A recent report found that although there has been a slight slump in new homes growth, the South East is still thriving and is predicted to grow even further due to a reduction in the number of buyers into the prime London market because of a soar in prices. Instead, potential buyers are turning their attention to the South East.
Factors such as rising house prices (the average price for a house in London hit £531,000 in January this year, compared to £360,000 in the South East) and the 3% hike in buy-to-let Stamp Duty are just some of the reasons why the Centre for Economics and Business Research (CEBR) has forecast this prediction of buyers fanning out into other areas, such as Kent and Sussex.
The outer boroughs and commuter towns which fill the South East seem to be the logical place to look after London, due to their close proximity to the capital, excellent travel links and similar economic status. Buyers can attain much more space than they would in London and for much less money.
As a small housebuilder although we are used to losing out to the larger housbuilders in terms of gaining land, there is no doubt that we have recently enjoyed a time of growth. This is reflected in our most recent development Longview, in Boughton-under-Blean, where interest and sales occurred very quickly.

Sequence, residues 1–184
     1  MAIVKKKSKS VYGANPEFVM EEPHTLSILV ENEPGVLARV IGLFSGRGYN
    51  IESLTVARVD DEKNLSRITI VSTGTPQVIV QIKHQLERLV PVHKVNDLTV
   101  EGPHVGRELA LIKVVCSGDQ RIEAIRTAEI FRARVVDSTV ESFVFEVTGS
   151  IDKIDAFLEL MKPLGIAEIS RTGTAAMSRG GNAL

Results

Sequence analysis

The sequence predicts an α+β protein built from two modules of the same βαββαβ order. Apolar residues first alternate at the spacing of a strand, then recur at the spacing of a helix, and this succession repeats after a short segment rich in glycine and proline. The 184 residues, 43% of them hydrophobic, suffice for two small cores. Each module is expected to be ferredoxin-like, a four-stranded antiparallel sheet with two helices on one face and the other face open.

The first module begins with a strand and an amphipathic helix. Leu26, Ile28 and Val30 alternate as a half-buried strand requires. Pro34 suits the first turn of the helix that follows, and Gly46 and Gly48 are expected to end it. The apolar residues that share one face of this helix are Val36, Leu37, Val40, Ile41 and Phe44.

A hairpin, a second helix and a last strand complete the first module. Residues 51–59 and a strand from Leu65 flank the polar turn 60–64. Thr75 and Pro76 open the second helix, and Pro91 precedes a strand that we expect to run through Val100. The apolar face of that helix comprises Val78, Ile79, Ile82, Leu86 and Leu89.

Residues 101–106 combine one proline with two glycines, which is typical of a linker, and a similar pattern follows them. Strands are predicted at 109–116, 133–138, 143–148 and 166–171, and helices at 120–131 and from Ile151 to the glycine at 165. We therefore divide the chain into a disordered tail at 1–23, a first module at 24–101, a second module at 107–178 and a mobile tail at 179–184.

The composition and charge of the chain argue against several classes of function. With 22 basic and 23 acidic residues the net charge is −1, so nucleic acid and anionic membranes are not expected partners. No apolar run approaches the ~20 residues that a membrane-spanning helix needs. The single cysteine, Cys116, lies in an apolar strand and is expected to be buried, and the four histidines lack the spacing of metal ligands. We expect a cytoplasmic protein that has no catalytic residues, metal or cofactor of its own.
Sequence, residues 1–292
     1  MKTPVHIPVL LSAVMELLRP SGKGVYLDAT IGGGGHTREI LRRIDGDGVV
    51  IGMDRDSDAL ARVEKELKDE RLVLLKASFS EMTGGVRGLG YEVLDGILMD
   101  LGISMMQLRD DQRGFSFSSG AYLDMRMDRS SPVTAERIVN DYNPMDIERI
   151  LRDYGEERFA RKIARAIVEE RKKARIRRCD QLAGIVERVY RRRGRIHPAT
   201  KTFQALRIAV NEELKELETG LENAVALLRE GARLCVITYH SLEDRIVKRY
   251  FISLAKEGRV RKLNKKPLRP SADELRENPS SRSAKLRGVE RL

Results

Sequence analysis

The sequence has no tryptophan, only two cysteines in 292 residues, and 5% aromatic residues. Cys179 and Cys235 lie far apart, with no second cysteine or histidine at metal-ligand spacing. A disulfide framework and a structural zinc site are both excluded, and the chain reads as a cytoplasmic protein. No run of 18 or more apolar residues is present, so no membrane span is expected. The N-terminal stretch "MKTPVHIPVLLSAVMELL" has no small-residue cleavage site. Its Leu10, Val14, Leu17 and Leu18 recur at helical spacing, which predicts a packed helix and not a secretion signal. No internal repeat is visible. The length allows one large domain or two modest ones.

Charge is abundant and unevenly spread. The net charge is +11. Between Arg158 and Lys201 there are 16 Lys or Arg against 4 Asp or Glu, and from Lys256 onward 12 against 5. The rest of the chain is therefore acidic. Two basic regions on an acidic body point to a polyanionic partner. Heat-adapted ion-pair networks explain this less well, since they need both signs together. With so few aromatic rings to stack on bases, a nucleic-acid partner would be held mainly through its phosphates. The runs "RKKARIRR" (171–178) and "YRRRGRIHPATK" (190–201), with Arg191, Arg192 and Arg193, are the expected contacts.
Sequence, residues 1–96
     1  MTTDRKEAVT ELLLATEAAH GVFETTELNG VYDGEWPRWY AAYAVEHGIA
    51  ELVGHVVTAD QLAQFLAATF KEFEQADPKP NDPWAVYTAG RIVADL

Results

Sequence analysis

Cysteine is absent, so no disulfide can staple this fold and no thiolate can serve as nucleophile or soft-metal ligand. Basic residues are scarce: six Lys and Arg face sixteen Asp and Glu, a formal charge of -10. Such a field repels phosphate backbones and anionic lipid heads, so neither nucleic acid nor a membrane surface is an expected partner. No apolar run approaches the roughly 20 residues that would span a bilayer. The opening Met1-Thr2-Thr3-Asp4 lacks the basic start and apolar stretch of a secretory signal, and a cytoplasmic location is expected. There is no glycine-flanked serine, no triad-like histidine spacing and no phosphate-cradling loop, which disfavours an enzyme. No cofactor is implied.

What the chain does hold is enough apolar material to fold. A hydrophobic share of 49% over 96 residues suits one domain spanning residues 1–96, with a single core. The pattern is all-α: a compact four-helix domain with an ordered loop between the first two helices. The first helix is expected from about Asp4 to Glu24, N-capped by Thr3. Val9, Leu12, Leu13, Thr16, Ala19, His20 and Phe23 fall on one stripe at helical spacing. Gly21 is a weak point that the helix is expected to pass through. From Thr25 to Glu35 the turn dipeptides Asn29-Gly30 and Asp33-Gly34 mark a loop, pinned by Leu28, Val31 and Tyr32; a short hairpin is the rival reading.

Nationally, housebuilders have been answering to the need for more housing in a wide range of geographic. Construction on 7,805 new homes was registered in the South East between February and April this year, resulting in a 23% increase from the previous year.
Even so, with the desire for housing always rising, the rate of new homes growth is still only at half the rate it needs to be to meet the UK's demand. What is holding the market back is the same old story; lengthy planning permission processes, higher transaction costs and stamp duty increases, among other things.
With prices consistently rising, will the South East always be a viable option instead of London, or will it eventually turn into the same story, with people struggling to keep up with inflated prices and looking elsewhere? We will have to wait and see what the rest of 2016 has in store.